LOS ANGELES (CN) - The cash-strapped Los Angeles Coliseum sued SingerLewak accountants for $11 million, claiming the auditor should have found the fraud that led to criminal charges against coliseum managers.
Los Angeles Memorial Commission and Los Angeles Memorial Coliseum Association sued SingerLewak LLP in Superior Court, alleging negligence and breach of fiduciary duty.
In a 2011 lawsuit, the commission accused two of its former administrators of skimming hundreds of thousands of dollars of public money. In that lawsuit , the same two plaintiffs claimed the Coliseum's former general manager Pat Lynch and co-defendant Todd DeStefano diverted money from raves staged by co-defendants Insomnia Inc. and Go Ventures.
Six people were indicted last year in connection with the scandal, including Insomniac dance party producer Pasquale Rotella, former Coliseum technology manager Leopold Caudillo Jr., former stadium contractor Tony Estrada, Lynch and DeStefano, and Reza Gerami, of Go Ventures.
Now the commission claims that SingerLewak was "grossly negligent" in missing "material errors in their financial statements" from 2007 through 2011.
"SingerLewak's incompetent auditing and accounting services effectively protected the corrupt former employees and promoters," the complaint states.
SingerLewak missed or failed to identify a laundry list of fees paid to corrupt managers, including $1.89 million for raves, $125,000 for film productions, and $120,000 from vendors, according to the complaint.
Also never identified was $965,000 in cash payments to a stagehand union working at the Coliseum, the commission claims.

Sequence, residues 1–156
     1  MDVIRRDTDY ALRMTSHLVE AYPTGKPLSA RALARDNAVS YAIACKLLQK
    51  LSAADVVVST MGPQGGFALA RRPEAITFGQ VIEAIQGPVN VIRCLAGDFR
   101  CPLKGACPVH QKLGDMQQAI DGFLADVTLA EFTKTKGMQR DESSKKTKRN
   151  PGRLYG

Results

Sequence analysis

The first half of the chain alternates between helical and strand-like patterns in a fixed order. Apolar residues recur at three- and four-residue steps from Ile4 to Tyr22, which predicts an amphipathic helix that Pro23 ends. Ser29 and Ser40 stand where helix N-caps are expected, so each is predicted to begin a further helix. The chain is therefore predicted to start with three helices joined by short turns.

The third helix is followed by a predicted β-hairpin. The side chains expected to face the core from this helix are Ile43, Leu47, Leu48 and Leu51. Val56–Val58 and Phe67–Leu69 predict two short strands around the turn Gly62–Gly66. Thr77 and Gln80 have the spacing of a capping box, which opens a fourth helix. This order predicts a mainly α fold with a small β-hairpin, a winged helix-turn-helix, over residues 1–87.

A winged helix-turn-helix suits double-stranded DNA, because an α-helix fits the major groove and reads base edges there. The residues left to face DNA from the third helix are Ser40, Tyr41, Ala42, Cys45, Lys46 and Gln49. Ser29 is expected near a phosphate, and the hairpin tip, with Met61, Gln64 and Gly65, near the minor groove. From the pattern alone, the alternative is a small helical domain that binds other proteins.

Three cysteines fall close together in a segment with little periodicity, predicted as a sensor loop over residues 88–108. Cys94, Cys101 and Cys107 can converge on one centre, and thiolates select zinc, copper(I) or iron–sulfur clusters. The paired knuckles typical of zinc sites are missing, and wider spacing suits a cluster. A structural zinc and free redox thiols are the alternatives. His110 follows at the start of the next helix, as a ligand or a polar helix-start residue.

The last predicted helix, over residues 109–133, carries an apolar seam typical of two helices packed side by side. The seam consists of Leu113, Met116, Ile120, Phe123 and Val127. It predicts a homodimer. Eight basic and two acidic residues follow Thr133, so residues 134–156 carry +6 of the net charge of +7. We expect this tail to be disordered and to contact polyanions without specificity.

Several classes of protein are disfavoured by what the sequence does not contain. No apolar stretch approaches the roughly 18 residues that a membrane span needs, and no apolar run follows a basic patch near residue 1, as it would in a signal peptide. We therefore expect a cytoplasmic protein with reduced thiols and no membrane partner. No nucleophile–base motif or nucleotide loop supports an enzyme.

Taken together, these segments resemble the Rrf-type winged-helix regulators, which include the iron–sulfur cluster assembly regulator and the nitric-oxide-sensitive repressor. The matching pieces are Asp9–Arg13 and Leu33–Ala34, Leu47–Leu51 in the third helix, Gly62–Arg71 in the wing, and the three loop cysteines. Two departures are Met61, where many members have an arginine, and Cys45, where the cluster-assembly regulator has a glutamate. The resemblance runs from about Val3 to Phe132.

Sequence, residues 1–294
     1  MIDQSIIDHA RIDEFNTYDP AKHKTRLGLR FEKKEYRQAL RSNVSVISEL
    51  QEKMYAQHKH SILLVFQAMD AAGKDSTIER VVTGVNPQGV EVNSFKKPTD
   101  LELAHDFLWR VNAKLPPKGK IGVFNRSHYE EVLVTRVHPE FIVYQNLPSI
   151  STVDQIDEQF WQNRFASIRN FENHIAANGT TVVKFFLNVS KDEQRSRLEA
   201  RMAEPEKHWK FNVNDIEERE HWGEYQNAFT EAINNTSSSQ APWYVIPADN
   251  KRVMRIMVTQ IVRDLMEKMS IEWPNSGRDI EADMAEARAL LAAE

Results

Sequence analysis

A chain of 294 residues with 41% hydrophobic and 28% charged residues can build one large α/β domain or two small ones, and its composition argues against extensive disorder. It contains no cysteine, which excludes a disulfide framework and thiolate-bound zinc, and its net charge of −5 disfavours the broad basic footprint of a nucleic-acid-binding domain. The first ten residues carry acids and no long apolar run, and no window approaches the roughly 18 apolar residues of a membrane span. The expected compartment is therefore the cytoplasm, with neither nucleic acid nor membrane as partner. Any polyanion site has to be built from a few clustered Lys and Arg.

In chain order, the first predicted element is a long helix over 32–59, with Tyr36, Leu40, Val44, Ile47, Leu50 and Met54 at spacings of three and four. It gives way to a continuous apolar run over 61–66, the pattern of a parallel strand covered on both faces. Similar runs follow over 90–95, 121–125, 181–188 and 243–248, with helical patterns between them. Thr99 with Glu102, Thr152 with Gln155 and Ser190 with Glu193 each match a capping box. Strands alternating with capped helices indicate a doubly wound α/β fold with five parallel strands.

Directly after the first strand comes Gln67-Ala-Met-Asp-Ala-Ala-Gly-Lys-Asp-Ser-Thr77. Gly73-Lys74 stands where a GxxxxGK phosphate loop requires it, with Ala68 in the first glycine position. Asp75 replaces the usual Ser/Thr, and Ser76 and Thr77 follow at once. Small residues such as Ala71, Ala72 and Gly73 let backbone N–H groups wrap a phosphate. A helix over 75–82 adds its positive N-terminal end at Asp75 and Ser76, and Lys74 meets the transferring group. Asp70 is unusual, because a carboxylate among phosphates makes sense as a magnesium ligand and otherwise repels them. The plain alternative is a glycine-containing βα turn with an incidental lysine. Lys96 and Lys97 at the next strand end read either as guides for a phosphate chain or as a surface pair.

It claims that cash withdrawals paid to the union were beyond "ordinary and usual compensation practices."
"The practice exposed plaintiffs to liability in an amount in excess of fifty-eight percent (58 percent) more than the cash paid, as a result of the effect of all payroll taxes, and federal and state withholding taxes, not including interest, penalties, and the cost of reconstruction and filing of the plaintiffs' federal and state tax returns," according to the complaint.
The commission may also be liable to the union's pension fund after a shop steward allegedly pocketed cash he was required to contribute to trust funds, the complaint states.
"SingerLewak consistently rated control risk as low for the plaintiffs, despite the obvious deficiencies, although SingerLewak will argue today that the former management employees must have lied to the accounting firm, or that the commission should have discovered any corrupt activity affecting the operations or should not have trusted the former employees, the fact is that SingerLewak's failure to understand, appreciate or bring to the plaintiffs' attention the material issues involved in the internal control environment left the commission and association, and their governing bodies, vulnerable to fraud, theft, misuse of assets, diversion of revenue, and conflicts of interest," according to the 13-page complaint.
The commission says it would not have invested $6.7 million in a video scoreboard but for the accounting firm's negligence.
It wants that money back in damages, plus $2.2 million for money misappropriated by an unnamed employee, $1 million for unidentified cash payments, and $870,000 in deposits paid for soccer matches it says were never played.
It also seeks $4 million for prosecuting claims against corrupt managers, and to defend against potential claims by the stagehand union, nonparty International Alliance of Theatrical Stage Employees Local 33.
The plaintiffs are represented by Charles Slyngstad of Burke, Williams & Sorensen.
SingerLewak spokesman Roger Pondel wrote in an email that the firm had "properly utilized procedures recognized by the accounting standards and rules, including obtaining what we were led to believe were truthful and complete facts and representations from the Coliseum."
"Our audits were performed properly and with the highest level of professionalism in every respect. We will aggressively defend the allegations in this suit and are confident that the evidence will show the allegations to be false," Pondel wrote.